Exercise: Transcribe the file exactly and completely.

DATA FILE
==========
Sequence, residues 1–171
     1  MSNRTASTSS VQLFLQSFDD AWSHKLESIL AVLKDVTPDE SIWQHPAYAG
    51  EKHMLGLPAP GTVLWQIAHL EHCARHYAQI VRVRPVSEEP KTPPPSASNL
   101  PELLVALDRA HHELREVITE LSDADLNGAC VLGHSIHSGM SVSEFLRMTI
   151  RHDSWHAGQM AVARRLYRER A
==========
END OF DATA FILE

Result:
Sequence, residues 1–171
     1  MSNRTASTSS VQLFLQSFDD AWSHKLESIL AVLKDVTPDE SIWQHPAYAG
    51  EKHMLGLPAP GTVLWQIAHL EHCARHYAQI VRVRPVSEEP KTPPPSASNL
   101  PELLVALDRA HHELREVITE LSDADLNGAC VLGHSIHSGM SVSEFLRMTI
   151  RHDSWHAGQM AVARRLYRER A